I’m working as a user researcher in the Digital Inclusion team at GDS. Over the past few months, a key part of my work has involved sizing and identifying the characteristics of digitally-excluded service users, and understanding their support needs.
This work has been funded by a number of government departments and involved a UK-wide quantitative approach.
When a research agency makes sense
When we do service design projects, we do most of the user research in-house. Occasionally, we work on projects in which we need to learn about the sizes and needs of different markets. These projects need a different methodology - something more like market research, and with a much larger sample size that's nationally representative (>1000 respondents). In these instances, we tend to bring in outside help.
We collaborate with experts
Working with an agency also means that we’re able to collaborate with experts and bring in vital skills and experience that would otherwise be difficult to access in government.
No time to sit back and relax
Although the agency is responsible for the fieldwork, delivery and analysis of the data, there’s still a large amount of work required of GDS and stakeholders in departments.
This involves, amongst other things: writing briefs, agreeing on objectives, questionnaire design, agreeing analysis structure, keeping an eye on the budget, and, above all, making sure that stakeholders have significant project buy in.
In this post, I’ll expand on a few of these things, and talk about what I’ve found useful in working with an agency to ensure the project is delivered on time and provides the information we need.
Make sure your research brief is clear
It’s essential, when conducting any research, to have a clear understanding of the need for the research. This includes the background and context, definitive objectives, suggested methodology/sample, timings, and budget.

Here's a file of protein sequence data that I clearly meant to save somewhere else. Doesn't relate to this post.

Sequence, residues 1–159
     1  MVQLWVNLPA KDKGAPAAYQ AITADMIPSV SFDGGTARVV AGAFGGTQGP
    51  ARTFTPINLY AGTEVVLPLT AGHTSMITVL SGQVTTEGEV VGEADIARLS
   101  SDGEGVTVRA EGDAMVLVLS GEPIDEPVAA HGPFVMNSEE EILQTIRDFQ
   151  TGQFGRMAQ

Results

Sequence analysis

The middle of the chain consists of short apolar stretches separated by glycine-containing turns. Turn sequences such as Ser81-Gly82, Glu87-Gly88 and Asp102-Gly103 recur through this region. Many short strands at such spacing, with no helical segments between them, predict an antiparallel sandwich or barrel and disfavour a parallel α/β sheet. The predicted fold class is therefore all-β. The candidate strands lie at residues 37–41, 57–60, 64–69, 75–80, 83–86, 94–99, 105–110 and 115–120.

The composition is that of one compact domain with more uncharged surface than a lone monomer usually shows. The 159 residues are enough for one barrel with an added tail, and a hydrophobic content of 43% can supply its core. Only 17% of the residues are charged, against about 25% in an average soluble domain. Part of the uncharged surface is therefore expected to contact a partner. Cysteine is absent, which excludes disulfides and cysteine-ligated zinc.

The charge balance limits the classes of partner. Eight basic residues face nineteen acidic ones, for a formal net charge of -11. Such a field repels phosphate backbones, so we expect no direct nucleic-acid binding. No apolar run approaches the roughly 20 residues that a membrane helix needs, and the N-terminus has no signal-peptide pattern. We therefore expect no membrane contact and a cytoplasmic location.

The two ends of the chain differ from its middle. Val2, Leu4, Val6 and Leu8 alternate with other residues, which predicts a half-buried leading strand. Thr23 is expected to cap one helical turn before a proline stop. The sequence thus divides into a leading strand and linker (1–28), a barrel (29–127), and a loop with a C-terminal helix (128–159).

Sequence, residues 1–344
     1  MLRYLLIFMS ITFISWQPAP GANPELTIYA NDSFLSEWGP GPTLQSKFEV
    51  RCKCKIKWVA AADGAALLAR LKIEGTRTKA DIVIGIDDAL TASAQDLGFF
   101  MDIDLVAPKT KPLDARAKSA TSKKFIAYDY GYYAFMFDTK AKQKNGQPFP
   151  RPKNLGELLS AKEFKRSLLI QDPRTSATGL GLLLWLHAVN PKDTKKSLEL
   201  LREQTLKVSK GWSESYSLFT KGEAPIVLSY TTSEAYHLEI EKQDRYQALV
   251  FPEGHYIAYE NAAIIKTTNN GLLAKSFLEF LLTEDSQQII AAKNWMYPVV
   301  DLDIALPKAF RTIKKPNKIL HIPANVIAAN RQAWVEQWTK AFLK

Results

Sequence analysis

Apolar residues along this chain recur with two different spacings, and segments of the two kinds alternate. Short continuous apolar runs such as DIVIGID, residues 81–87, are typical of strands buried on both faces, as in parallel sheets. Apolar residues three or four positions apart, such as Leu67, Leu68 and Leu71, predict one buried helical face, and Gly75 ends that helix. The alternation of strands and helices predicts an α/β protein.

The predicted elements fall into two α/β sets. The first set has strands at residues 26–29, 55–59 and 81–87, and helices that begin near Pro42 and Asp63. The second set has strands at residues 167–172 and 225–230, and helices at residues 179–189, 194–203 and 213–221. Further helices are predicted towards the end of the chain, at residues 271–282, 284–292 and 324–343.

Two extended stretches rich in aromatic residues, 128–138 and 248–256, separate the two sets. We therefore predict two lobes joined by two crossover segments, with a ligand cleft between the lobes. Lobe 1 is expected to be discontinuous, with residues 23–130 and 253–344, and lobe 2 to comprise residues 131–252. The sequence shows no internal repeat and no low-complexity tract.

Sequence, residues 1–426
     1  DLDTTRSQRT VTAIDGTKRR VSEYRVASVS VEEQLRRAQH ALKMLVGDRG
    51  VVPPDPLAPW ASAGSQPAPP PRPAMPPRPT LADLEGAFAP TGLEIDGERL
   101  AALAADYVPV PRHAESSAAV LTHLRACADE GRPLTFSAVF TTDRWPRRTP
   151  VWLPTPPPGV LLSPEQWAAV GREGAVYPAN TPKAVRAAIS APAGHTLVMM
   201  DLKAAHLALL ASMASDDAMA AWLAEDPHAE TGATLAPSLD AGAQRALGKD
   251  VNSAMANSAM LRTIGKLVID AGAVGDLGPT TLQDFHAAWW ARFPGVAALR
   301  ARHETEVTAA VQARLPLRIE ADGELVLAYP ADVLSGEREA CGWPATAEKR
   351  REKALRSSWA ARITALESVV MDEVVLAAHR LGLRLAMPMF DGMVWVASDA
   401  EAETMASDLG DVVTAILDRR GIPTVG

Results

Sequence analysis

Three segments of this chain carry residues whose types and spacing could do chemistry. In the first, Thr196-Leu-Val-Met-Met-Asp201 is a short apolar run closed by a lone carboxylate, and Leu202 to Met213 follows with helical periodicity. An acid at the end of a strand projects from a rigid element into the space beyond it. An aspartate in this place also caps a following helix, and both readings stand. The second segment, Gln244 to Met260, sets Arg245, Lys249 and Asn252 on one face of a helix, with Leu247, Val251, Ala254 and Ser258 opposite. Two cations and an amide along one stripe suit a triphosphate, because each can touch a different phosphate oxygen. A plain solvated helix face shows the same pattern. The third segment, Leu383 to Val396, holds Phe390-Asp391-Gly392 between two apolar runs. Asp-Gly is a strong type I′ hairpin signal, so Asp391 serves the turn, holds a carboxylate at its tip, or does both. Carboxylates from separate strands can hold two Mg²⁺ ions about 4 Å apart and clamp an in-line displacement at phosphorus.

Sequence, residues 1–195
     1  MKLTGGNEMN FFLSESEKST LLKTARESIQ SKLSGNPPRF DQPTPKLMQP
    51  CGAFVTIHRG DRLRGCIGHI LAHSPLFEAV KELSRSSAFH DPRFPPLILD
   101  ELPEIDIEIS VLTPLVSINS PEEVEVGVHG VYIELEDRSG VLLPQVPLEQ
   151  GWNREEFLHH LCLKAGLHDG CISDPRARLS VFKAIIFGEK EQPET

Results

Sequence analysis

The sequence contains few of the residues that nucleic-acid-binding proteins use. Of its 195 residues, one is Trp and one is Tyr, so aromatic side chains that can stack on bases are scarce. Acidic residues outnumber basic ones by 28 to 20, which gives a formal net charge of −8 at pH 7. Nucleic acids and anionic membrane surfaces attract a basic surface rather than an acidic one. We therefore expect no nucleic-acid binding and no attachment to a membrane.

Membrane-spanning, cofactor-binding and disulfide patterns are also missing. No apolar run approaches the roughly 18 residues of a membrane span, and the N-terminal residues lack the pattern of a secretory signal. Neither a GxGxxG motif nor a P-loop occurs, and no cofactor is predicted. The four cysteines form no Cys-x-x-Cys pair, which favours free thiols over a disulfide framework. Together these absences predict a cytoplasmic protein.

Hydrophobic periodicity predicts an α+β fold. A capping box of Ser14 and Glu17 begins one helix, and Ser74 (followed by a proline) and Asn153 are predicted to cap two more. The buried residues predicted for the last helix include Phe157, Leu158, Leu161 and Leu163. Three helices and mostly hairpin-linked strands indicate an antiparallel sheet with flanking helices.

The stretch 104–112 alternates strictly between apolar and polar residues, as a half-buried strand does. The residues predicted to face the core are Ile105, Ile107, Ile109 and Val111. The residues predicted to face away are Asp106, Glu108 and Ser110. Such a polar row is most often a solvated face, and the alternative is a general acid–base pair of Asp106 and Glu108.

When using an agency, it’s even more vital that the aims of the research are clearly set out, so that the agency has a good understanding of what’s required. This will enable them to provide a clear proposal that meets the objectives, is delivered on time - for the correct budget - and adds value.
It’s also important that stakeholders have adequate opportunity to contribute to the brief. This will help ensure that their core requirements are covered, that everyone’s priorities are transparent, and that it’s clear what the project will deliver.
Make sure the project scope is clear
A successful project relies on the scope of the research being clear.
Also, it’s important that everyone buys into it. Make sure to allocate a significant proportion of project time for sign off between stakeholders and the agency.
If the scope of the research changes, it commonly results in increased cost and timings - something we always want to avoid.
Understand your budget and watch it closely
The scope of the project will always be dictated by the amount of money available. It’s important to understand exactly what your budget can deliver, and where additional money will be required if the project scope increases.